Hōʻahu means to set aside for the future. The word refers to hale hōʻahu, houses where area residents brought regular offerings of their harvest, gathered, then saved to care for the needs of the entire community. This practice allowed for the sharing of abundance amongst those with plenty and those in need. Hale hōʻahu also provided collective security for times of unstable weather, drought or famine, preparing communities for uncertainty.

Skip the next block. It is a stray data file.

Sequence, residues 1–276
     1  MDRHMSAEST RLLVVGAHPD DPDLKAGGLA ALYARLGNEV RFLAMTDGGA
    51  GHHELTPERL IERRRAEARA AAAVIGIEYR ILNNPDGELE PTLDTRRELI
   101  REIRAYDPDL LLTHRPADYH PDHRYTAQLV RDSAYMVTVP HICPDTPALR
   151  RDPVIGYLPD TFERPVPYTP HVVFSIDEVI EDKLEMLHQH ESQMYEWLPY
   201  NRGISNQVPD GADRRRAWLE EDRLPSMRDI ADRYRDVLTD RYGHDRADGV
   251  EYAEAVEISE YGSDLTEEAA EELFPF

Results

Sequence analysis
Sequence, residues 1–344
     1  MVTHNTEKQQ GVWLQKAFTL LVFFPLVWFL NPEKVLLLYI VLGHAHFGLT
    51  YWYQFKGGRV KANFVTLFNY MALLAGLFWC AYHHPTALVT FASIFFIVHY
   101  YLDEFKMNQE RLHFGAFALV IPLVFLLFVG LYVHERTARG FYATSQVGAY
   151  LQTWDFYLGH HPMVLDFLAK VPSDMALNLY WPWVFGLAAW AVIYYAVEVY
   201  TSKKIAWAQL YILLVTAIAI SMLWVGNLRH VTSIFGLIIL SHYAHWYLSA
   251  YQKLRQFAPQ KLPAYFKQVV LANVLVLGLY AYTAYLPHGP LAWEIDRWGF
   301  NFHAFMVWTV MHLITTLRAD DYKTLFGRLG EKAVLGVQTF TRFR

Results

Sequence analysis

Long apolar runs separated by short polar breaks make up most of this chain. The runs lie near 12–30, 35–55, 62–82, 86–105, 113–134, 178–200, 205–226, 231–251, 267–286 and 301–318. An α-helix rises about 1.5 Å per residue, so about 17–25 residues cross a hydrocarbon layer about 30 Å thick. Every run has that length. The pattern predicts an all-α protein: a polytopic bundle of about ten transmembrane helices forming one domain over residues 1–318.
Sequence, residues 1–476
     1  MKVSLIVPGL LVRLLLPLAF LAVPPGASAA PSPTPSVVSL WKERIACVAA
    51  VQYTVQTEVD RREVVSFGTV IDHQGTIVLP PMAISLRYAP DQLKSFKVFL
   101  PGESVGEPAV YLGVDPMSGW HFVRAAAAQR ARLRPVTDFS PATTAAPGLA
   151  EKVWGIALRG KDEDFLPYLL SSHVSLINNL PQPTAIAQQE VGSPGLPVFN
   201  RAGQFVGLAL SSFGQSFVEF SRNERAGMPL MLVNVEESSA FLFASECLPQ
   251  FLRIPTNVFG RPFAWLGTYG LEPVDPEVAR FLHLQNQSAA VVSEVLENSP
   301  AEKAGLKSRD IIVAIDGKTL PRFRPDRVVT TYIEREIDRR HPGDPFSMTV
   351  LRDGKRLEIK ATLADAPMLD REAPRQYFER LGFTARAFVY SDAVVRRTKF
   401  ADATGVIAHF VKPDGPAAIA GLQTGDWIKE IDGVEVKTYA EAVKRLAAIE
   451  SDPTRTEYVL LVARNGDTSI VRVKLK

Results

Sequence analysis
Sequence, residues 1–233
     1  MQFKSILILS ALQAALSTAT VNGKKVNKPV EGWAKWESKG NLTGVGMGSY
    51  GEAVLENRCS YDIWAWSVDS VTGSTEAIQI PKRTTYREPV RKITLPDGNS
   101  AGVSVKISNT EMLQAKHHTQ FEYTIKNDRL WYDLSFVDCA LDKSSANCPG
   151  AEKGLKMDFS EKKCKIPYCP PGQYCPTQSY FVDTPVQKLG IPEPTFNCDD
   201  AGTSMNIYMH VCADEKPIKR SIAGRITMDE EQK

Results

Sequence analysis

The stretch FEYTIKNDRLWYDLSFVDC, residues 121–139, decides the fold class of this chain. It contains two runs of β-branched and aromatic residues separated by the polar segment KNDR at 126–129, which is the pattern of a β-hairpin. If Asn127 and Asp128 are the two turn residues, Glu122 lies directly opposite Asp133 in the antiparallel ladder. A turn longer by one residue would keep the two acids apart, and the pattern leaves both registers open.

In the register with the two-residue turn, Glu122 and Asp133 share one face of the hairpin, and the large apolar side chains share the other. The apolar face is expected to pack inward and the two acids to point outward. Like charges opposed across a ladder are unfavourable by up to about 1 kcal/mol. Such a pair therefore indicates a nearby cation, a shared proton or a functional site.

Hawaiʻi is ʻāina kulaiwi: the only homeland of the indigenous people of Hawaiʻi, land in which the bones of our ancestors are buried. The lands of Hawaiʻi are the source of all Native Hawaiian cultural practices and language and also some of the most coveted and high value real estate in the entire world. Anyone visiting, buying or living upon lands in Hawaiʻi shares a kuleana to care for this place, leave it better than we found it, and work to address historical legacies of injustice. The Hōʻahu Lands Fund directly supports protection and restoration of family lands threatened by sale and development. Hōʻahu is part of a larger global "Landback" movement to restore ʻāina to indigenous peoples and ensure they have the authority and cultural independence to steward, govern, and protect the places they call home - places vital to us all.